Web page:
September unemployment numbers show that Democratic run states have higher levels of unemployment than their Republican counterparts.
The September unemployment rate nationwide was 7.9%, according to the Bureau of Labor Statistics (BLS). The number reflects an optimistic outlook, as unemployment has steadily declined since reaching a high of 14.7% in April. However, Democratic controlled states, on average, have a higher unemployment rate than the national average.
The five states with the highest unemployment rates are Hawaii (15.1%), Nevada (12.6%), California (11.0%), Rhode Island (10.5%) and Illinois (10.2%).
Meanwhile, states with the lowest unemployment rates are predominantly Republican states, such as Nebraska and South Dakota.
The data shows that Democratic trifecta states, where Democrats control both state legislatures and the governorship, have a higher level of unemployment than their Republican counterparts. There are fifteen Democratic trifectas, and 16 when Washington D.C. is counted. There are 21 Republican trifectas. (RELATED: New Unemployment Claims Increase To 898,000, Higher Than Expected)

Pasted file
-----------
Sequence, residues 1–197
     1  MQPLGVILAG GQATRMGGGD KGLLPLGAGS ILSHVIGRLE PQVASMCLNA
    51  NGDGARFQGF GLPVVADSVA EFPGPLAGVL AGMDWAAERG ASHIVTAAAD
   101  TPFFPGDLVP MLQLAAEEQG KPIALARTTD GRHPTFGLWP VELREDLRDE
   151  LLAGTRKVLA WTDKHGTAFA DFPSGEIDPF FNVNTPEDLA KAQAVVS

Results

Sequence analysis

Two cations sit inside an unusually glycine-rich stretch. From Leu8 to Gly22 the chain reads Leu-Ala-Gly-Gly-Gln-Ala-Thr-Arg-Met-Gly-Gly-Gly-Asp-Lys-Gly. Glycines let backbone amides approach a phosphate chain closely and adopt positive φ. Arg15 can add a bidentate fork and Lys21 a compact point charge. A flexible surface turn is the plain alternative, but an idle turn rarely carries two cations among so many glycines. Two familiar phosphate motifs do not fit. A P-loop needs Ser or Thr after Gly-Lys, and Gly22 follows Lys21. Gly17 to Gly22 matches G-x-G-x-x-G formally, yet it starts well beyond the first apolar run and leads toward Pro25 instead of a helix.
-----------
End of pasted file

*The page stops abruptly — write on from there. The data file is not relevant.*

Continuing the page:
Democratic trifectas have an average unemployment rate of 9.0%, which is more than one point higher than the national average. In states that lean Democrat, where Democrats control two out of three legislative bodies (state senate, state house, governorship), the average unemployment rate is 6.6%.
Meanwhile, Republican trifectas have an average unemployment rate of 6.2%, nearly two points lower than the national average, while states that lean Republican still have a lower unemployment rate than the national average at 6.9%.
The data mirrors unemployment statistics from July, which also found Democrat trifectas had an average unemployment rate of 11.3% compared to the national average of 10.2%.